The seeds are small and winged, and primarily dispersed by wind. Seeds germinate in the spring, following a period of cold dormancy. Seeds that do not germinate the first year do not usually survive a second winter, and there is no seed banking.

With larger trees, the leaf litter creates an acidic environment that gives it a relative advantage over other, particularly deciduous, tree species.

Trees can continue producing large seed crops as long as 450 years of age, and trees can exceed 800 years of age.

Trees cannot resprout if cut or otherwise top-killed, but can reproduce vegetatively by layering, growing new roots where its foliage touches the ground. Layering is rare in nature, but can occur on otherwise healthy windthrown trees.

Faunal Associations

Eastern hemlocks, especially when in dense and old-growth stands, provide excellent habitat for many animals. Nesting warblers, including black-throated blue warbler, black-throated green warbler, and blackburnian warbler, are common in such stands. The species is also important to black bears, which use the cavities in older trees as dens.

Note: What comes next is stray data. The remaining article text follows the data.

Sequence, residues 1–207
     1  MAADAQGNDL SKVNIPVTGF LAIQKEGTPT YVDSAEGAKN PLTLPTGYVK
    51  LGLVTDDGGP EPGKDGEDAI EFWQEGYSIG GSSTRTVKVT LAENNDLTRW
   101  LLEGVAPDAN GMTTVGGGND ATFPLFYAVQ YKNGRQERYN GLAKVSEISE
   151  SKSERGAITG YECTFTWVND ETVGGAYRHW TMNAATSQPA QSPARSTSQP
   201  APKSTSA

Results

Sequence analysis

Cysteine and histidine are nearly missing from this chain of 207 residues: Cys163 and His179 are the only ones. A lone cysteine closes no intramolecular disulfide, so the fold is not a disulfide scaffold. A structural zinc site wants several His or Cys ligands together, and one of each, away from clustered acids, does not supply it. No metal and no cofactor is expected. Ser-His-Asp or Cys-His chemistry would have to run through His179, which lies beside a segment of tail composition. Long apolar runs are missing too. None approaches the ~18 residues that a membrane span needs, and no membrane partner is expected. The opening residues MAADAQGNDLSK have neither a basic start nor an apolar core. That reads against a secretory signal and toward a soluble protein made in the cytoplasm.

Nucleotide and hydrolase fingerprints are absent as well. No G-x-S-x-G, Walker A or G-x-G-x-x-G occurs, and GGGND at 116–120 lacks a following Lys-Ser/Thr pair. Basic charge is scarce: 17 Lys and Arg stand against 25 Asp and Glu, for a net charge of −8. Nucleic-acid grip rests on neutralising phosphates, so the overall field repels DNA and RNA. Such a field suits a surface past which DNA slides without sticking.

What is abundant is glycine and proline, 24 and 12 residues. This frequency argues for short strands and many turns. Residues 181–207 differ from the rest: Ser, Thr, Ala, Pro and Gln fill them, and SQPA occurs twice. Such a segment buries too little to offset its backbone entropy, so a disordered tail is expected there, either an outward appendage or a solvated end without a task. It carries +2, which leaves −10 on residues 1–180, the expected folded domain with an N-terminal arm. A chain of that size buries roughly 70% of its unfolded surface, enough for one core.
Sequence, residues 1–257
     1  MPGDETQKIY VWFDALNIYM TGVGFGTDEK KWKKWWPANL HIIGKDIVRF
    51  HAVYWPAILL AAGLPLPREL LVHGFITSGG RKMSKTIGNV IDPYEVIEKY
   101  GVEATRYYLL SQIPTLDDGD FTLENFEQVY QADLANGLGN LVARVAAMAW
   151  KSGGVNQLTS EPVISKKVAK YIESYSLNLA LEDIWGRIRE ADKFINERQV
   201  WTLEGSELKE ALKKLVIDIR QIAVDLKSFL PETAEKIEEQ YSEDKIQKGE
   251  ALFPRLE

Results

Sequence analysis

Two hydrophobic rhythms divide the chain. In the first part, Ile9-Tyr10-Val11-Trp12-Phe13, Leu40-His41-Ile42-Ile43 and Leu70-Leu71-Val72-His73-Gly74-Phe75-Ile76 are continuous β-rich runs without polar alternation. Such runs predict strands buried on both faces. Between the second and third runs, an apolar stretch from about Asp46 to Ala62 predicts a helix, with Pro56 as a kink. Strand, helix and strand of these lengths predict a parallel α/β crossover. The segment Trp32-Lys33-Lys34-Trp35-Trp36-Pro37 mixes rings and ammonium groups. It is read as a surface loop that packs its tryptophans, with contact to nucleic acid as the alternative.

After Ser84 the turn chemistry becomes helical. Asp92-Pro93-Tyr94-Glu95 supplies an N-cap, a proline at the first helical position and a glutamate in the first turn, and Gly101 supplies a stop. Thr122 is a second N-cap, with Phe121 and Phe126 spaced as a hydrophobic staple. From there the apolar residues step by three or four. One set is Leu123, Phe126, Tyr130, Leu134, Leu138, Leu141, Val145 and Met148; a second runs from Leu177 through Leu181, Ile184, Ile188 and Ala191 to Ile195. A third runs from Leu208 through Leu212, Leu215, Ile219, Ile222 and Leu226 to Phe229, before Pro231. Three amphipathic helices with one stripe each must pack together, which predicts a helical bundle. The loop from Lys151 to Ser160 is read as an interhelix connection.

The foliage is browsed by white-tailed deer, and in the north, moose, and snowshoe hares, primarily in winter when hardwoods and broadleaf plants, the preferred food source of these species, is unavailable.

The foliage also provides cover and thermal insulation to numerous animals, including larger birds and various mammals.

The seeds are eaten by birds and mammals.

There are numerous native insects, mostly native insects, that eat this tree, including the hemlock borer (Phaenops fulvoguttata
)
. Many of them also eat other conifers.

The Hemlock wooly adelgid (Adelges tsugae) is an insect, introduced from East Asia, often heavily infests these trees, sometimes stressing and killing them. Although this insect occurs through most of this tree's range, it causes more serious problems towards the south of its range.

Uses

Tsuga canadensis is widely planted as a landscaping tree, but sometimes with little knowledge of its habitat preferences, leading to plants becoming stressed and dying. It does best in shady areas sheltered from wind, such as the north side of a home in a wooded yard, or in areas where fences or windbreaks of other, more wind-resistant evergreen species block the wind. It often fares best when grown together with others of its species.

It is one of the few conifers that makes a good hedge in a partly-shaded area; it resprouts well after regular pruning, and the dense, fine-textured foliage creates a lush, opaque look.

It is not suitable for sites exposed to wind or full sun, and thus makes a poor street tree.

Several different Tsuga species are found in North America.

Notes

Hemlocks share energy and nutrients between individuals through a network of roots and mychorrizal fungi; if a tree is cut down, it will not resprout, but if supplied with energy from other healthy trees, it may stay alive for years, and its stump and root system may even continue to grow, with its root system supplying the other trees.